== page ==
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Stunfisk and Galarian Stunfisk - does the name matters?

Leaf_Ranger

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When seeing Galarian Stunfisk I liked it's new design and the dangerous look to it. I'm currently playing White, caught a Stunfisk and that's when it hit me: Stunfisk is Ground/Electric and has many Electric-type moves but why is Galarian Stunfisk named "Stunfisk"?
Galarian Stunfisk's Pokedex entries do not mention any use of electricity as a way of catching prey or behaving and the only move of that type that it learns - through TM - is Thunder Wave so why still calling it "Stunfisk"? It seems lazy to not create a new name for it when the elements (moves, behaviour, appearence) that provide its original name are no longer there. I think that this new Pkmn should just have a new name like "Trapfisk".

What do you think about it?
 

Esserise

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I think it's pretty clearly a deliberate choice to keep the name the same, because it emphasizes that this is still the same species, just in a different form. If we compare it to a real-life example such as Darwin's finches, then the name "Stunfisk" or "Sandshrew" is I think meant to be analogous to the overarching term "finch," with the differentiation coming elsewhere, in the description of what form of Stunfisk or Sandshrew it is.

Now, that being said, I do think it would be more illustrative and more true-to-life if they weren't all given the generic umbrella designation of "Alolan" or "Galarian" form. Personally I'd prefer something more individualized, descriptive, and flavorful, like idk, "Towering Exeggutor" or "Brawling Farfetch'd," in the same way those finches are described as "sharp-beaked ground finch," "vampire finch," "common cactus finch," etc. But then, that might be a lot less helpful for reference guides, where "Alolan" and "Galarian" immediately contextualize the form by the region it was introduced in and is native to.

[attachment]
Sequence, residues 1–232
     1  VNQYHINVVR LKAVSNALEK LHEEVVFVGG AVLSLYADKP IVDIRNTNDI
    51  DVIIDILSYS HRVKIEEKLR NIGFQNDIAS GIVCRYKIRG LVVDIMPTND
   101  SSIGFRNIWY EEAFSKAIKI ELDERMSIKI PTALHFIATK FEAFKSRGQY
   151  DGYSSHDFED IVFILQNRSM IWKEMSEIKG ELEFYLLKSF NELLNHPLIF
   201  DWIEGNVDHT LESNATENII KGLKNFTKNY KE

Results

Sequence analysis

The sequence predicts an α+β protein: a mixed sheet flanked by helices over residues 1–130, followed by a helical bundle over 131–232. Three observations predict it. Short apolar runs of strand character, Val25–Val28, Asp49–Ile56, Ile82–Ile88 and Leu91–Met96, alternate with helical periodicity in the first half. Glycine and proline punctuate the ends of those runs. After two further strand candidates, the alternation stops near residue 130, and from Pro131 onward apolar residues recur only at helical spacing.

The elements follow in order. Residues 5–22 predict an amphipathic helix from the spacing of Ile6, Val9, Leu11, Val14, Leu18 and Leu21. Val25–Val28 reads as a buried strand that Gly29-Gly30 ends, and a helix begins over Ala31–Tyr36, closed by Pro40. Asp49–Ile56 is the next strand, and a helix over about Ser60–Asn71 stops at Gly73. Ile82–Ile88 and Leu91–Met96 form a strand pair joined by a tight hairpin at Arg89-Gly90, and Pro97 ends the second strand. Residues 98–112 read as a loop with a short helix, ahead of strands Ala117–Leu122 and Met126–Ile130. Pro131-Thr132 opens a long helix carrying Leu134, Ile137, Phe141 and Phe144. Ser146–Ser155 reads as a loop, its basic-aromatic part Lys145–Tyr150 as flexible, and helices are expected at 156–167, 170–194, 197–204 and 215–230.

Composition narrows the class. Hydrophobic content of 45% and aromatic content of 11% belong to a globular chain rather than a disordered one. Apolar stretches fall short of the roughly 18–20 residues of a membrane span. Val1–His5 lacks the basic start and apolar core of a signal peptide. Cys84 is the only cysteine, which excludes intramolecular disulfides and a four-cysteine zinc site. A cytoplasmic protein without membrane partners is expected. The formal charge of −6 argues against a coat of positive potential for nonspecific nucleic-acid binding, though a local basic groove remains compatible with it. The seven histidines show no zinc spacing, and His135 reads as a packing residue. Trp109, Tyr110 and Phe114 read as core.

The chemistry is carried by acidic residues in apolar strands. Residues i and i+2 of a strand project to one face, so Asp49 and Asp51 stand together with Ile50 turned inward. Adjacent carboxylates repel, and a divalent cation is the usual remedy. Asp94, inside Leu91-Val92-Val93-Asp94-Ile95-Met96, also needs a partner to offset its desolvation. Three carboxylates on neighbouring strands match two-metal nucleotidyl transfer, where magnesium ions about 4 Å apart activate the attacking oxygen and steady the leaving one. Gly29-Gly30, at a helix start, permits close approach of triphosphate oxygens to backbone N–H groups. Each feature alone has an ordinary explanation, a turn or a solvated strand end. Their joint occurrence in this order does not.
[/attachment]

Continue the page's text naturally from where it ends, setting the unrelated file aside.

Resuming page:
Plus, the alleged need for "new names" seems fairly situational. Yes, there are some Pokémon that shed the elements of their design that originally informed their names, but then there are others, like Rattata, that don't. So would they have a mix of Rattata - Alolan Form and also just Slushrew? Or would they contrive to name Rattata something else even though it doesn't really need to be renamed? I think it's more communicative of the concept and its potential for broad reinvention to keep the contrast that is generated by juxtaposing their original names with their new designs.
 
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CynthiaLover

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Alolan Sandshrew/Sandslash says hi.

It really doesn't matter, now does it? It's the same Mon it just underwent a process of real-life evolution to better adapt to its new environment. The lore behind G-Stunfisk is that because the mud it now lives in is extremely high in iron that it ended up losing it's Electric typing and gained Steel because its body absorbed so much iron. The fact of the matter is that Stunfisk will always been Stunfisk, typing be damned, it just evolved differently to better accommodate its new habitat. It's no different than any of the other regional variants who changed/gained typings due to environmental/habit changes. It's just the natural process of real-life evolution, forcing the Mon to undergo a change in order to adapt and adjust to the differences between its normal/original habitats to its current one, like like various real-life animals. So, no, Stunfisk will always be Stunfisk, no matter the form or typing, as it just simply adapted to the changes in its environment in order to better live in said environment.
 

Puddle

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I don't mind Stunfisk, Sandshrew and Sandslash keeping the same names - what confuses me more is the fact that Runerigus is classed as a new species when the afforementioned Pokemon aren't. The only thing that really sets Runerigus apart from Cofagrigus is that it inhabits a clay slab instead of a coffin. Its body is slightly different, keeping Yamask's tail instead of gaining extra arms (and it possibly has only one eye, unless the other is hidden) but is this enough to warrant being classified as a new species? It could have been classed as a Galarian Cofagrigus, and it seems that the only reason it wasn't is because the name doesn't fit the design. In which case, why aren't Stunfisk, Sandshrew and Sandlash's regional forms classed as new species too?